“Keeping the upper stage of the launch rocket to a guiding spacecraft, making one large ‘kinetic impactor’ to deflect an asteroid, is a rather nice concept”.
Scientists at China’s National Space Science Centre (NSSC) want to send more than 20 rockets into outer space and simultaneously use their kinetic impact to deflect an Earth-bound asteroid, according to Reuters.
NSSC used computer simulations with 23 Long March 5 rockets (each weighing 900 tons) to simultaneously hit and deflect an asteroid dubbed Bennu, a class of rocks that is as wide as the Empire State Building.
Researchers have studied one Bennu, a 78 billion kilogram rock that will come within 7.5 million kilometers of Earth around the year 2271, or about 150 years from now.
The idea is more or less science fiction, sort of like the American film “Armageddon,” when a group of oil rig drillers was sent into outer space by NASA to land on an Earth-bound asteroid, drill a hole, place a nuclear bomb, and save the human race from extinction.
Something more realistic is NASA’s Double Asteroid Redirection Test (DART) program that will attempt to alter the path of two minor asteroids using robotic spacecraft sometime later this year or early 2022. The US space agency wants to examine how the kinetic energy from crashing a spacecraft into an asteroid will change the object’s trajectory.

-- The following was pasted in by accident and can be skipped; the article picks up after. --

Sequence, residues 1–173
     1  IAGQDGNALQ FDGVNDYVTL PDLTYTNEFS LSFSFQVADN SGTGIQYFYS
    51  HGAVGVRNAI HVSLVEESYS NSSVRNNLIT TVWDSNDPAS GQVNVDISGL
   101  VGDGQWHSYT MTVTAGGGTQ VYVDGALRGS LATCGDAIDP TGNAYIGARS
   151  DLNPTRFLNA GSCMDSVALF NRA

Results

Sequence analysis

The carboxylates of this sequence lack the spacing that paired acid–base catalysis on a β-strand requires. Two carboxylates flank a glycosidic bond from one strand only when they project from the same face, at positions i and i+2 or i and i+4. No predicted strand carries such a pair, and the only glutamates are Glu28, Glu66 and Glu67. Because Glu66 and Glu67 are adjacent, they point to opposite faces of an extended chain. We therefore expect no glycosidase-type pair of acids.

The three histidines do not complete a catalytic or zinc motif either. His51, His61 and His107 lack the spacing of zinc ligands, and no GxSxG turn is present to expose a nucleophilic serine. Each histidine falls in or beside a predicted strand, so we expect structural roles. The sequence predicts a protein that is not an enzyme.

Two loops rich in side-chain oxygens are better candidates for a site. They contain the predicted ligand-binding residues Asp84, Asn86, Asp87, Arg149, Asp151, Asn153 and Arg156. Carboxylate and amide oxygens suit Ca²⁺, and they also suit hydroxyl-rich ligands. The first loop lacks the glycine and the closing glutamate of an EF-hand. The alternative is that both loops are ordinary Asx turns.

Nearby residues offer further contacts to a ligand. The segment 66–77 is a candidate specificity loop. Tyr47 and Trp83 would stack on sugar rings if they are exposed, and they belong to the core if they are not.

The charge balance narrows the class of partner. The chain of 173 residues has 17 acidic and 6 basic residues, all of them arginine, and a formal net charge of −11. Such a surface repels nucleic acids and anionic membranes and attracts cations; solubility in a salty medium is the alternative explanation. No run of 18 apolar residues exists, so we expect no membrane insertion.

Some scientists have suggested breaking up asteroids with nuclear weapons, but significant risks are involved, such as the object breaking into smaller pieces and still hitting Earth. Using a rocket or spacecraft’s kinetic impact could be a much safer method.
“The proposal of keeping the upper stage of the launch rocket to a guiding spacecraft, making one large ‘kinetic impactor’ to deflect an asteroid, is a rather nice concept,” said Professor Alan Fitzsimmons from the Astrophysics Research Centre at Queen’s University Belfast.
“By increasing the mass hitting the asteroid, simple physics should ensure a much greater effect,” Fitzsimmons told Reuters. However, he added that such a mission’s actual operation must be reviewed in much greater detail.